You know how it goes, you’re sat in the library staring at some book on Descartes and all your brain wants to do is anything but what it is currently doing. You check your phone, check Facebook, Twitter, maybe you go as far as checking The Tab to find out exactly who out of the four people you’ve never heard of has won BNOC of the year. You glance over to the other side of the library and there sits someone in a type of vegetative state, their eyes glued to the screen of their three-year-old MacBook. This person, engrossed in his screen lets little ‘oohs’ and ‘aahs’ out every five minutes or so, as if performing some sort of elaborate breathing exercise. You, thoroughly confused at the current set of events, return to whatever the hell Descartes was ranting on about before.
What was that thing keeping that person glued to the screen? It was likely the great sport of snooker. Yes, the one where you watch two, usually middle-aged men, knock multi-coloured balls around a green cloth table while wearing waistcoats and bow ties for four hours at a time. In other words, it’s a procrastinator’s dream. Alongside cricket and golf, snooker is often derided as anything from ‘boring’ to ‘the single most pointless and mind-numbing ‘sport’ in existence’. I, however, could not disagree more.
While there definitely is an argument to be had in favour of the claim that the sport is boring, that argument usually ignores the reasons why people sit in front of the TV for hours at a time. To be brutally honest, I am not 100 percent certain why anyone does, but for us students who crave a distraction during the exam period, it is God’s greatest gift to sport.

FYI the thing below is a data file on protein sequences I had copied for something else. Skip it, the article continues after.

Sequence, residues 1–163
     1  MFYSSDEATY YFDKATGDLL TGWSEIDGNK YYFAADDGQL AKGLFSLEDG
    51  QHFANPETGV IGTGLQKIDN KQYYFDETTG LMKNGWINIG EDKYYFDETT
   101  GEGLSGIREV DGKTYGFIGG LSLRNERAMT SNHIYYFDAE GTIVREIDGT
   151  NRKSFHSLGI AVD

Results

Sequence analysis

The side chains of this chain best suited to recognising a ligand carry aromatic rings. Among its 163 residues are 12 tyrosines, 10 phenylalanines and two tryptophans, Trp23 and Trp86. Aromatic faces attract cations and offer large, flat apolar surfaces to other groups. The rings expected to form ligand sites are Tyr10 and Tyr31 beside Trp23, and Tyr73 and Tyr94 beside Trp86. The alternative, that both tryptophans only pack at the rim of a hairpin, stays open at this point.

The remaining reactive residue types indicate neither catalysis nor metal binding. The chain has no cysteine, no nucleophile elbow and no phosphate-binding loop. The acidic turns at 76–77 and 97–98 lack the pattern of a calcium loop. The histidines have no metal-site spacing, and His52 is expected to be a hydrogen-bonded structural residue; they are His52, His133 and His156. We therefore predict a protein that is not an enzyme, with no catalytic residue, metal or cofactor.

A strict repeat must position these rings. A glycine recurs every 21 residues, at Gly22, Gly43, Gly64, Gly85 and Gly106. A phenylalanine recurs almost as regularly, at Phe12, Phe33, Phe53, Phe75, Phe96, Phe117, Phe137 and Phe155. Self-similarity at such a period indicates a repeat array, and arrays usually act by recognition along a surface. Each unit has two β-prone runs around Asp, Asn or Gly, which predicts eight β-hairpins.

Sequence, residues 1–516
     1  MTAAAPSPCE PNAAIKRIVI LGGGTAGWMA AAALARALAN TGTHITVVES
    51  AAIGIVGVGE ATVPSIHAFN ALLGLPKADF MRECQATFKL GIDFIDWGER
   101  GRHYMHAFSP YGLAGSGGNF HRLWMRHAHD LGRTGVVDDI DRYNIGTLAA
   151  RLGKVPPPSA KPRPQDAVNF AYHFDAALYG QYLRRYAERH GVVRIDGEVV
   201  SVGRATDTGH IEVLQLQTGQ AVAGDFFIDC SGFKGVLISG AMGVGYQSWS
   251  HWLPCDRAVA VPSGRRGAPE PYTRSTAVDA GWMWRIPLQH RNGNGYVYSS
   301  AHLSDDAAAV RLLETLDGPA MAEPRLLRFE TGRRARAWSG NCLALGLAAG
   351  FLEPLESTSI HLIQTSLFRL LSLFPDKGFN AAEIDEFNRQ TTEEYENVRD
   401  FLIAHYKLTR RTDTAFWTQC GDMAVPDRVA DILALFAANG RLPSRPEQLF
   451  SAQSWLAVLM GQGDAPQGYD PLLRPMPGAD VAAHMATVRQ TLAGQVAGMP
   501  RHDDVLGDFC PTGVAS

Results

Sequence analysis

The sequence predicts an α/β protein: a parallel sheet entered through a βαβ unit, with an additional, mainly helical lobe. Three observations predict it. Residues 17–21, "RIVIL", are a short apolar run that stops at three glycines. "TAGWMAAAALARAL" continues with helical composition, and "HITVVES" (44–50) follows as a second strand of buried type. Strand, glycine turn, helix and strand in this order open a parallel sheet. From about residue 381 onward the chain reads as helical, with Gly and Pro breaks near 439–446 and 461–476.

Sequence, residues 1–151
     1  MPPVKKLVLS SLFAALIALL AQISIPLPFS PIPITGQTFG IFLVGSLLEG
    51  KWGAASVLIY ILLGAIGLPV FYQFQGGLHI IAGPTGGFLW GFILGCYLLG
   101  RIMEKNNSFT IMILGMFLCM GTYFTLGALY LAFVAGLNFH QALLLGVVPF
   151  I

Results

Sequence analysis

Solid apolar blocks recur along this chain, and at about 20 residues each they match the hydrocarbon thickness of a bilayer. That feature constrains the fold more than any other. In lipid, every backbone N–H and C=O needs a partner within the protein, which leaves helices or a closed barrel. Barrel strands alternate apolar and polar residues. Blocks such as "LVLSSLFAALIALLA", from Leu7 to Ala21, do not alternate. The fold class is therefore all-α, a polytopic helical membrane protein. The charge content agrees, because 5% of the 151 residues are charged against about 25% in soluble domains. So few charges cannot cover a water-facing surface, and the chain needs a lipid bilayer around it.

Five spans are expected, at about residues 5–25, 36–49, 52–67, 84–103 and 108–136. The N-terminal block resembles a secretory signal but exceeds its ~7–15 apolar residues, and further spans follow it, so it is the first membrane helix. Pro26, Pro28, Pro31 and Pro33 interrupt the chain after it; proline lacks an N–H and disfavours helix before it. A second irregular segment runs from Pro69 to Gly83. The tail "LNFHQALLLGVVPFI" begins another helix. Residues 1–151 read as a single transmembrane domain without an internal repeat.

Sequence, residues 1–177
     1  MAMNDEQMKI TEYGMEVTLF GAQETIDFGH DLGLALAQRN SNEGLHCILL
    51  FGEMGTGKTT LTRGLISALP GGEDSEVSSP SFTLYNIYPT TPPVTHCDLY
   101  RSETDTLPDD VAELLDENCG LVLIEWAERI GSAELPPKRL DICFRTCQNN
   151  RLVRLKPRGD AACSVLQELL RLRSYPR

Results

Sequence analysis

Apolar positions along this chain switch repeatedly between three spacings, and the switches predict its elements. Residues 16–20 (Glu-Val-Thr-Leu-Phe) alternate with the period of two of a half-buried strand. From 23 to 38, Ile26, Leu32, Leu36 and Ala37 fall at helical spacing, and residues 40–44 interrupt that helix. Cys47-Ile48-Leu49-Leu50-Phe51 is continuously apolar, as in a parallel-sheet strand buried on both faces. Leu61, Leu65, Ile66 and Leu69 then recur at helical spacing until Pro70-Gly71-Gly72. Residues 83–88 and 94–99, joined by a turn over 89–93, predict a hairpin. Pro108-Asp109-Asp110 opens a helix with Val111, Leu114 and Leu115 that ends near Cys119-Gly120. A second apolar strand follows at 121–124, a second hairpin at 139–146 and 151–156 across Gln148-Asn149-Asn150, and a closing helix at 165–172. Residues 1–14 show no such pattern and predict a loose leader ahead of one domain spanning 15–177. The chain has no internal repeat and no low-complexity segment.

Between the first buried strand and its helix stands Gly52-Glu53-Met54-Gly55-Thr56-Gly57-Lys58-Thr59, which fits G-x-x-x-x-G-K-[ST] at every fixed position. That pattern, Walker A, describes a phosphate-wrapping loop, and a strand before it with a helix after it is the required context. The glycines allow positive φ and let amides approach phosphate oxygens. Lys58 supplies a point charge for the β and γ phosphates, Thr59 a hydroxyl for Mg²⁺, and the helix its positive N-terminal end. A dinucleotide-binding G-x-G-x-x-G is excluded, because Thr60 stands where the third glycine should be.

Snooker’s two premier competitions, the UK Championship in York and the World Championship in the melting pot of Snooker, The Crucible theatre in Sheffield, happen to land exactly during both revision periods. The UK Championship starts in late November and the World Championship begins in late April.
This means that those who are most dedicated to procrastination have two full weeks of beautifully distracting green cloth on our laptop screens while those around us squirm under the mounting stress of their revision.
While Mitchell and Webb got it as spot on as you can with their snooker commentator sketch, the “ooh that’s a bad miss” cliché is one of the guilty pleasures of any snooker fan. Alongside Jonathan Agnew and Geoffrey Boycott’s Test Match Special droll, the sound of Steve Davis, Dennis Taylor, John Parrot and John Virgo waxing lyrical about ‘angles’, ‘cueing action’ and ‘nudges’ comforts the ears of snooker fans like shipping forecasts comforts sailors.
Let us not overlook the skill and talent of the sport’s mavericks. The impressive minds of the men at the table, calculating and plotting their moves and shots like a chess grandmaster is something anyone who has ever played snooker dreams of being able to do. The 147 break, the most impressive feat a snooker player can achieve, mirrors this, with the skill needed to pot fifteen red balls and fifteen black balls consecutively far exceeding any ‘granny’ you manage on the local’s pool table. Ronnie O’Sullivan’s bottom lip; Stuart Bingham’s triple chin; Alan McManus’s tartan trousers.; Snooker is as unique as they come.
For those who dream of the ultimate procrastination, a sport that devotes two weeks to a game that often takes eight hours to complete in a theatre filled with over 50s, provides us with the means to truly waste away our days doing something utterly, utterly pointless.
We take your point that it is boring, we understand that it is a form of self-flagellation, we accept that you will never join us in a pilgrimage to The Crucible, we get it that our stories of Hurricane Higgins, Rocket Ronnie and the Jester from Leicester are lost on you.
We’ve all gone snooker loopy, and that is just how we like it.
Photograph: Gareth Copley/Getty Images